Erica and Eduardo Heidenreich’s remote delta retreat can be reached only via a magical one-hour boat ride from Buenos Aires through the narrow, winding tributaries and canals of the Paraná River. As our vessel skips across the water and brilliant green flora envelops us on either side, the city’s high-rises become a hazy memory etched upon the horizon.
Erica is the owner and founder of the interior design studio Solsken, and Eduardo is a civil engineer and the vice president of Data IQ. Their two grown children live away from home, so the couple wanted a place where they could all spend weekends together as a family.
Erica had fond memories of the delta, so she and Eduardo jumped at the chance to buy six adjacent plots on the Paraná Miní tributary in 2018. They liked that the site was far from the mainland with little speedboat traffic, yet was still serviced by water buses and supply boats. (It also had electricity and good cell service.)
After visiting a Chilean friend’s Passive House, Erica and Eduardo were inspired to create a sustainable home without compromising on design or comfort. As they researched firms, they discovered Mapa, an architecture studio in Uruguay whose philosophy aligned with their approach—and they warmed to the architects’ laid-back buena onda (good vibes). They also worked with Horacio Battagliero, a born and bred isleño (islander) who had led the construction of many houses in the delta, and Argentine architect Joaquín Berdes, who worked closely with Mapa throughout the process.
Mapa had never built a Passive House before, but its designers drew up a bio-climatic scheme that complied with the building standard’s strict requirements. It includes state-of-the-art insulation and faces north, with a generous roof overhang, which blocks direct sunlight in the summer months while still allowing the lower winter sun to warm the interior.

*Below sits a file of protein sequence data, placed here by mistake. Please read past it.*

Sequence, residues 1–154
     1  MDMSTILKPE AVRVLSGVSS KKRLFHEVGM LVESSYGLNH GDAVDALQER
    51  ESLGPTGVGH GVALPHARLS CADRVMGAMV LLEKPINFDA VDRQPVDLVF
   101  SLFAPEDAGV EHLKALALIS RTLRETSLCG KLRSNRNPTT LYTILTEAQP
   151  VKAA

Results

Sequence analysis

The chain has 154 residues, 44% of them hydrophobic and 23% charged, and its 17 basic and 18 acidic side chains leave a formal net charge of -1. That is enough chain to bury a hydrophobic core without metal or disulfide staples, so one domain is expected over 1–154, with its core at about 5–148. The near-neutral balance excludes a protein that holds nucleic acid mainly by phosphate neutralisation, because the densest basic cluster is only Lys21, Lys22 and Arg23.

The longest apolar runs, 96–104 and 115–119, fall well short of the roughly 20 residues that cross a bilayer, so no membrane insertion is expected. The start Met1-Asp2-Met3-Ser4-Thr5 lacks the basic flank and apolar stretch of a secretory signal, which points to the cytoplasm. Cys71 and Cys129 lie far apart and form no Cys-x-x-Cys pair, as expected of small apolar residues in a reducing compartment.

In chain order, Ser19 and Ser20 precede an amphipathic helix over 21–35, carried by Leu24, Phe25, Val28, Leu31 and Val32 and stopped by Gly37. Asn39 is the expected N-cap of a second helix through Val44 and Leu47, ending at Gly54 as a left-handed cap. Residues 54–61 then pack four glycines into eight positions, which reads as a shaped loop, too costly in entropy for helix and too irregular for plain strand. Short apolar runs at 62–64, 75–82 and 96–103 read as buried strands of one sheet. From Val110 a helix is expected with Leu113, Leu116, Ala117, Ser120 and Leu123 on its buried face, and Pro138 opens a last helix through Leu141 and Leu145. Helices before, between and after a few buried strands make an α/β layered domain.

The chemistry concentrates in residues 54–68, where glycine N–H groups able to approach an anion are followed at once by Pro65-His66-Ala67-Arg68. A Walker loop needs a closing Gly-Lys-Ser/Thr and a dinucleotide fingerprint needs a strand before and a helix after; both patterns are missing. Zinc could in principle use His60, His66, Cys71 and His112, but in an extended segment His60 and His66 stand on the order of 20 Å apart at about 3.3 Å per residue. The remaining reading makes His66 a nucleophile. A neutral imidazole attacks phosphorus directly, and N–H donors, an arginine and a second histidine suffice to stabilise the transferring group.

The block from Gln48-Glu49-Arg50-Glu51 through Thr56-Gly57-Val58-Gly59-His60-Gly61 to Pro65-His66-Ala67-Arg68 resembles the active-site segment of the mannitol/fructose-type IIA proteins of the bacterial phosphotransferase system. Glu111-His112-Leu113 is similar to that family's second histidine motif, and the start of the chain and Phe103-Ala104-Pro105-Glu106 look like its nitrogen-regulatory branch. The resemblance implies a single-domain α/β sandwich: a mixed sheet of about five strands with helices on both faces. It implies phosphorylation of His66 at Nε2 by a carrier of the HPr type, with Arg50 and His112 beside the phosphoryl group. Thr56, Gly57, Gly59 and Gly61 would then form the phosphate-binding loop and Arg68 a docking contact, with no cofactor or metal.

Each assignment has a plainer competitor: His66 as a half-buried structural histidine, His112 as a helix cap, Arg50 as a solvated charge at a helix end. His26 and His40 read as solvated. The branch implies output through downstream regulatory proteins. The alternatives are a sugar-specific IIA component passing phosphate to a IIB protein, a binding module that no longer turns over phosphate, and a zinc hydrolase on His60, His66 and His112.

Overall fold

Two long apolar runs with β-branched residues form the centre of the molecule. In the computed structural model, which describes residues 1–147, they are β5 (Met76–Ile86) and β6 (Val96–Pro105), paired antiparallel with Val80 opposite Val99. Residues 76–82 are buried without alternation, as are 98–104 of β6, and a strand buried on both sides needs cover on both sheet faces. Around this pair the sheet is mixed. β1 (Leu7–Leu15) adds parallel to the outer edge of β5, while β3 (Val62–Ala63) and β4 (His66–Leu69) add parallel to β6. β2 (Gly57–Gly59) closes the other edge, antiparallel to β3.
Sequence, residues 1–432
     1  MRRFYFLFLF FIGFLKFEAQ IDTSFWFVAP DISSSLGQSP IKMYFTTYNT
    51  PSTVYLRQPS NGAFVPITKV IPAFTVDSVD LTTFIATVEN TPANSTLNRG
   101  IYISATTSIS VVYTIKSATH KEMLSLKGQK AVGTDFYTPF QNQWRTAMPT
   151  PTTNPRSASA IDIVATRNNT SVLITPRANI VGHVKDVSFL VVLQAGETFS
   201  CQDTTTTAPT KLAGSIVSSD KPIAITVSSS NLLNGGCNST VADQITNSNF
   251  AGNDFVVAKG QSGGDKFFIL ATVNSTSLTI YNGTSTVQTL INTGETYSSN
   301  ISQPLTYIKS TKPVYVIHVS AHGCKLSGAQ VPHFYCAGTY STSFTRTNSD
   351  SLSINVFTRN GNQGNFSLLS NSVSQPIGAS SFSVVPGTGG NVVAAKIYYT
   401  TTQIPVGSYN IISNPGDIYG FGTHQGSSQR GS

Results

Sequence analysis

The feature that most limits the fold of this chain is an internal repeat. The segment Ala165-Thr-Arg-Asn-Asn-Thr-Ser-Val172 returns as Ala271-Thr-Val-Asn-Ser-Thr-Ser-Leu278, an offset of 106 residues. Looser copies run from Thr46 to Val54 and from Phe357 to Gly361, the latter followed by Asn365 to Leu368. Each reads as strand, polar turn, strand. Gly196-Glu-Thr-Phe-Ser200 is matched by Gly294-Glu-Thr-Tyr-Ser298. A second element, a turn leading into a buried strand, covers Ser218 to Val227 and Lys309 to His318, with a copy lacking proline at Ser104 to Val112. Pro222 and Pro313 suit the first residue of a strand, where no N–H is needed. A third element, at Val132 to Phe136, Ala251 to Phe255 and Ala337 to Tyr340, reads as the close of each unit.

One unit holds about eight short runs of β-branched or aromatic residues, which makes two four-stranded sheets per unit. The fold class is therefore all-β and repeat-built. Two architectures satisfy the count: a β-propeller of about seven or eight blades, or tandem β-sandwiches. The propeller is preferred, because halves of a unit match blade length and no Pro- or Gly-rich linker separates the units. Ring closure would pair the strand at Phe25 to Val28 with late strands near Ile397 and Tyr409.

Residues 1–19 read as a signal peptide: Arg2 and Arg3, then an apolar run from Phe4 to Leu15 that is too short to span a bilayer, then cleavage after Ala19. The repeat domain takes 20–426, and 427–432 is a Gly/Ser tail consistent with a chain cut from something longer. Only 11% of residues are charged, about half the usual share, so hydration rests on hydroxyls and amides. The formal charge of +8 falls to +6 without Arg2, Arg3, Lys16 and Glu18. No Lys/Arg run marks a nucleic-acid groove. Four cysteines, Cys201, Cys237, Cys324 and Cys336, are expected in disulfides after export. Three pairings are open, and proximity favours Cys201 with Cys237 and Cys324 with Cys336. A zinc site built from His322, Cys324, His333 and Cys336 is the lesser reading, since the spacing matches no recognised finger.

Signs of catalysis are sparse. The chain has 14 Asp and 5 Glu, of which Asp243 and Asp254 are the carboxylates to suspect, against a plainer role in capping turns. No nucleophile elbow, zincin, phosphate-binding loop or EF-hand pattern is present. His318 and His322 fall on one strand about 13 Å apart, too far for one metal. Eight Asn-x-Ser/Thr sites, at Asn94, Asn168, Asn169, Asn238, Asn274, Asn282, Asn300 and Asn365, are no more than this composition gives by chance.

"Every architectural decision was made to favor sustainability and the search for a construction that is aware of its environmental impact."
—Matías Carballal, architect
The project’s biggest hurdles involved transporting materials and building on such a remote site. "To work in a location that’s prone to flooding and only accessible by boat was a huge new challenge for us," says Mapa cofounder Matías Carballal, "but at the same time, it gave us the opportunity to rethink the way we practice in a more environmentally sensitive way."
By using prefabricated structural insulated panels, the designers were able to reduce the amount of complex work required at the site, and the home sits on a series of eight-foot-high wooden pilotis that secure its elevation and safeguard it from tides and floodwaters. "The terrain is muddy, which made laying the base a challenge. We’d seen other houses that had partially sunk due to their poor foundations," explains Eduardo. Most important, the structure is designed to withstand significant lateral pressure in case large branches or fallen trees are carried toward it by floods.
The rectangular, 2,260-square-foot house is divided into two wings, with three bedrooms on one side and the common areas—including an open-plan kitchen/living/dining room and a deck with a parrilla, a traditional Argentine grill—on the other. Erica’s design expertise and sensibility are reflected in the home’s decor. "I wanted solid, practical furniture—nothing delicate," she says.
The soft, neutral shades complement the calm that fills the space when all of the doors and windows are shut. "One of the things I love most about the house is the silence," says Eduardo. "Each time I come to the delta, I sleep one or two hours more than I do in my apartment in Palermo."
In the months to come, Erica and Eduardo plan to develop the terrain further. They’d like to create a lagoon with an island where their future grandchildren can play, carve out elevated footpaths that won’t flood, and enjoy and cultivate the landscape around the house as it matures over the coming years. It’s a lifelong project—and they’re in no rush to finish.
Architecture: MAPA Architects
Interior Design: Solsken
Executive Development and Construction Management: Joaquín Berdes
Construction: Battagliero Construcciones
Structural Engineering: Diego Vázquez, Rothoblaas Argentina
Landscape Design: Clara Billoch
Lighting Design: Eli Sirlin
Passivhaus Consulting: SUPERFICIE (Pedro Reyna, Lole Gawuryb, Gabriel Yurevich)
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